Warm, humid summers make Illinois a great place to grow vegetables. Consider drawing a plan of your garden to show what types of plants go where. Include provisions for planting tall plants, such as corn, in the north end of the garden where they won't block smaller plants from getting sunlight.
Eating fresh vegetables picked from the garden remains one of the top reasons for growing a vegetable garden. Vegetables out of the garden cost less than buying fresh produce at the market. Vegetable gardens provide a great summer project for the whole family. Plus, vegetable gardening provides plenty of exercise and fresh air.
One of the most important aspects of vegetable gardening involves choosing the best site. The site needs at least 6 to 8 hours of sunlight per day. For gardens receiving less than that, consider growing vegetables such as spinach and lettuce that require a bit less sun. Avoid sites near trees and shrubs, as these plants steal the nutrients and water your vegetable plants need. The site needs balanced soil that provides good drainage. Testing the soil before planting helps determine what nutrients and minerals need to be added. Make sure the site is close to a water source since the garden requires regular watering during the entire growing season.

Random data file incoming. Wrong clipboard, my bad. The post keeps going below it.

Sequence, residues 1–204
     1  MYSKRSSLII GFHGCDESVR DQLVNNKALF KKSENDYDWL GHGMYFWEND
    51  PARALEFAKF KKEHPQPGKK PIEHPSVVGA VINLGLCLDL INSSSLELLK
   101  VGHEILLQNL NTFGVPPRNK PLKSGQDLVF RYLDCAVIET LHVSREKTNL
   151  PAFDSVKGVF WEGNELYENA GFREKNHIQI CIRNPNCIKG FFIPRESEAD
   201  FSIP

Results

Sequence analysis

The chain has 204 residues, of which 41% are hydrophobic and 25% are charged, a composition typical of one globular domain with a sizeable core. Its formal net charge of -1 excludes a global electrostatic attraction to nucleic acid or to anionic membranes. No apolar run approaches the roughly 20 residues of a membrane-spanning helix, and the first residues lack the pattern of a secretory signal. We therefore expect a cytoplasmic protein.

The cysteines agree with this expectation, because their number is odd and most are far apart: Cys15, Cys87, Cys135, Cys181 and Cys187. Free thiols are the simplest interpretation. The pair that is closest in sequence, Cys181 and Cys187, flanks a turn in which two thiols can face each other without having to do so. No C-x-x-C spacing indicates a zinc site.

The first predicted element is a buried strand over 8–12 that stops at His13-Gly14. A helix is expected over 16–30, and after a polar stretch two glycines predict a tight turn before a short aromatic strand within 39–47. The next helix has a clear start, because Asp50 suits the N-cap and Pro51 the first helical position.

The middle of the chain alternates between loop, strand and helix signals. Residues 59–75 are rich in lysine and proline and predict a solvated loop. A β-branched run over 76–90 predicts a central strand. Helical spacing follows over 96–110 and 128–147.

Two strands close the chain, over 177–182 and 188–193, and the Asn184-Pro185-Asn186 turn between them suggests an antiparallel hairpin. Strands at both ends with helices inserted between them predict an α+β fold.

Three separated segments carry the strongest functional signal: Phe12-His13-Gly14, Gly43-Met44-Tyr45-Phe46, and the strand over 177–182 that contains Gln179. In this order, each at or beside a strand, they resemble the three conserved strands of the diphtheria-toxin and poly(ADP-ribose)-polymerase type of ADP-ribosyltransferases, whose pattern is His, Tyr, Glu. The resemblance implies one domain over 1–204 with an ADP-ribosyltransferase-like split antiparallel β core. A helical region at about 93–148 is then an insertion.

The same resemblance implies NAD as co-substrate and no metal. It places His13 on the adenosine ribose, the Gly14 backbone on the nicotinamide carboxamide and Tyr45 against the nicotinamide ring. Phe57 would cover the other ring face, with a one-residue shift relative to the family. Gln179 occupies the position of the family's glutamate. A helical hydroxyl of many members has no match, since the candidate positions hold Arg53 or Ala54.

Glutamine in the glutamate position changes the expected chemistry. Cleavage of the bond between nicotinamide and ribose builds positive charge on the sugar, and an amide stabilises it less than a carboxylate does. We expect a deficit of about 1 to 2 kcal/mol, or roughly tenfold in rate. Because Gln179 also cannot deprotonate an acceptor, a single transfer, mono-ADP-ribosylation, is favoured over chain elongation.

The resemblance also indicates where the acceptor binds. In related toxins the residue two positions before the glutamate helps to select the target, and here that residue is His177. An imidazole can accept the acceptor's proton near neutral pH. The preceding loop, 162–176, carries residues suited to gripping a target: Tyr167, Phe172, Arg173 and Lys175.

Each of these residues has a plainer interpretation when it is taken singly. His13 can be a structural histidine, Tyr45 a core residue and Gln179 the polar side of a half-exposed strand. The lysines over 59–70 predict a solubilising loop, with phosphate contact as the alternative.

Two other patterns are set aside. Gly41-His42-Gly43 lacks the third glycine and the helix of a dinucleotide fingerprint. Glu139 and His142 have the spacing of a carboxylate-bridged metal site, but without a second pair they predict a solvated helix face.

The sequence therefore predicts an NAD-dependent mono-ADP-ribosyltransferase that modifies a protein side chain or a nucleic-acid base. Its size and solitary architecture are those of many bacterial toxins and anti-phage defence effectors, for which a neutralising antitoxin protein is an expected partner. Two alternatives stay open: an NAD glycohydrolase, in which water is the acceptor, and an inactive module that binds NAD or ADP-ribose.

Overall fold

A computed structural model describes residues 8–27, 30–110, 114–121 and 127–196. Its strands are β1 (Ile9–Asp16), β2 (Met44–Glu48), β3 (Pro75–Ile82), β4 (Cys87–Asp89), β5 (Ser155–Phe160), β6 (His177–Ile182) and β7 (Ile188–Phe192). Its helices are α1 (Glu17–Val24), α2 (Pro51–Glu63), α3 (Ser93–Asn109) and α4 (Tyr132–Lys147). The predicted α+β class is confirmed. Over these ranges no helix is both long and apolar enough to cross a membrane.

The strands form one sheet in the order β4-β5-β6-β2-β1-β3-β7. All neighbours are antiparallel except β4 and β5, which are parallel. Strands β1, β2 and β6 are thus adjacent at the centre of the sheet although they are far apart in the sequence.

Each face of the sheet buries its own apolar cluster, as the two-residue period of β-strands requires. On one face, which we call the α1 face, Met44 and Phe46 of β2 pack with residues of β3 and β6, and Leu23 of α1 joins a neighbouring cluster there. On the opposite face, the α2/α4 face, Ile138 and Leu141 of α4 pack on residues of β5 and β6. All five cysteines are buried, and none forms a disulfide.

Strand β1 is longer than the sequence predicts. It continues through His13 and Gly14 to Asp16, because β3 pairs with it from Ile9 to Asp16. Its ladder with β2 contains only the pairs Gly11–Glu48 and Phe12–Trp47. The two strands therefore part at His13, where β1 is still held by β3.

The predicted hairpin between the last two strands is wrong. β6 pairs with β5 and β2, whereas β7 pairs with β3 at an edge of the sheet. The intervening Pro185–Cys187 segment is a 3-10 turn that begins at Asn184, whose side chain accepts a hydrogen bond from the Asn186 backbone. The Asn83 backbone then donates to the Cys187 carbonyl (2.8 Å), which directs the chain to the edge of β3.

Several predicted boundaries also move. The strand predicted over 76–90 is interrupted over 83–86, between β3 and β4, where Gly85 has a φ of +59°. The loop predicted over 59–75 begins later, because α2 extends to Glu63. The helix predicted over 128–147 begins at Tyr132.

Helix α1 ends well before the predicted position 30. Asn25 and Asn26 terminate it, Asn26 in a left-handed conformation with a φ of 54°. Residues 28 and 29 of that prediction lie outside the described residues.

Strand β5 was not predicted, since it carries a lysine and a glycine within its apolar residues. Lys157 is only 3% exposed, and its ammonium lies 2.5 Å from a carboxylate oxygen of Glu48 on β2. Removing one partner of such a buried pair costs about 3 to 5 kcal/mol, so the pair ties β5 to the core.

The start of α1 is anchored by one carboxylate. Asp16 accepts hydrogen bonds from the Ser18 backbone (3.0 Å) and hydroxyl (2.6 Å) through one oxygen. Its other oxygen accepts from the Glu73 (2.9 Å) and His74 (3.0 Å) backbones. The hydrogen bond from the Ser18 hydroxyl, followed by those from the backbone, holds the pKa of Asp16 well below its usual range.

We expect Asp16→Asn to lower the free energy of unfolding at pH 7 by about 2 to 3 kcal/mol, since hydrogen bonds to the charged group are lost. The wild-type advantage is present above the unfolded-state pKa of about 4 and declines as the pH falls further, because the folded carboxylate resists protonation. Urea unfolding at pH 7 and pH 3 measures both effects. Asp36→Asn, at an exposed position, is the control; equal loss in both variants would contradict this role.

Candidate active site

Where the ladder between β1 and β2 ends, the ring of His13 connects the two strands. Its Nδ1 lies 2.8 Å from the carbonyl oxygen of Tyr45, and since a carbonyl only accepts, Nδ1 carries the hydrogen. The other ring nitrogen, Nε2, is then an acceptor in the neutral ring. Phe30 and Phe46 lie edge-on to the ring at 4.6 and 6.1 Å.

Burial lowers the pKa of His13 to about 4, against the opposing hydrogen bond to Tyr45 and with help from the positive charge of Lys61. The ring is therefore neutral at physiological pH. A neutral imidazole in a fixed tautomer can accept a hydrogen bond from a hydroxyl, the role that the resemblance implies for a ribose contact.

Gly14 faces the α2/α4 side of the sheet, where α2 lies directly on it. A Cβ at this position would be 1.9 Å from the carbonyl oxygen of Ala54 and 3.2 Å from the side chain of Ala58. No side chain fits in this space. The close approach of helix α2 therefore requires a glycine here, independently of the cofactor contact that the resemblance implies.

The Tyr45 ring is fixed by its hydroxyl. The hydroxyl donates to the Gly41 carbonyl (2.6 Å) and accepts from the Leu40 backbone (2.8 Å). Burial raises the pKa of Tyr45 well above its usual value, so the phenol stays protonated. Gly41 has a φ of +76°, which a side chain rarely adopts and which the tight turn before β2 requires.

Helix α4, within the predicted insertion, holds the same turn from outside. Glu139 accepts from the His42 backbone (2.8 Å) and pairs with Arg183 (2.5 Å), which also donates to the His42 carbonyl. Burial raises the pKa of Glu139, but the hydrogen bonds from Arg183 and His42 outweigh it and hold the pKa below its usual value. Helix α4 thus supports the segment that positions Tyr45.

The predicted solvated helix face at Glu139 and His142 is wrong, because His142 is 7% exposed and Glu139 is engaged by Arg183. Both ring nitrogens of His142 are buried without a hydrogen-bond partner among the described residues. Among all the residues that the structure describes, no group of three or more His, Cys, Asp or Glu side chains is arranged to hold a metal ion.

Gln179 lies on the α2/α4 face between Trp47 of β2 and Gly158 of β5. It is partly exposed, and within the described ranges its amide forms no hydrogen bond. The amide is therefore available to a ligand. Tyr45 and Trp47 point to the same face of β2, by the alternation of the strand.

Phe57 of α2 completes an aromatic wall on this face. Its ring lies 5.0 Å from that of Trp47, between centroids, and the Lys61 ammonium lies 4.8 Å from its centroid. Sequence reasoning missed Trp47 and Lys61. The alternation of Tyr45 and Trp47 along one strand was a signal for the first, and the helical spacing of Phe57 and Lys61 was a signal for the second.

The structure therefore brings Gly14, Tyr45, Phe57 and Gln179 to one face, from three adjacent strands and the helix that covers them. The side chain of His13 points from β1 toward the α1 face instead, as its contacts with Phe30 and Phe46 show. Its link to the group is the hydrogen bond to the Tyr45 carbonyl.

For gardeners with limited space or inadequate soil, raised beds make a good alternative. Raised beds consist of areas cordoned off with small 1- to 2-foot walls with good soil added to each section. Container gardening offers another way to enjoy fresh vegetables when space is at a premium. Vegetables that grow well in containers include tomatoes, peppers, Swiss chard, cucumbers and herbs.
To get a head start, some gardeners plant seeds inside, then transplant the small plants into the garden once the danger of frost passes. Some plants such as tomatoes, peppers and onions grow well this way, while beans and carrots grow best when sowed directly into the garden.
While vegetable gardens benefit from regular watering, especially when rain falls less frequently, some plants require more watering at certain times during the growing season. Watermelon and summer squash require regular moisture during the early growth stages as well as at blossoming and when fruit develops. Muskmelons require regular watering, but once the fruit reaches a good size, too much water negatively affects the quality. Cucumbers require steady watering with an inch of water per week in addition to rainfall.
Vegetables need nutrients and minerals to produce a bountiful crop. For organic growers, consider using peat moss, compost or cow manure as a source of fertilizer. Otherwise, use a general fertilizer, such as 10-10-10, to promote green growth, root health, vegetable development and resistance to disease.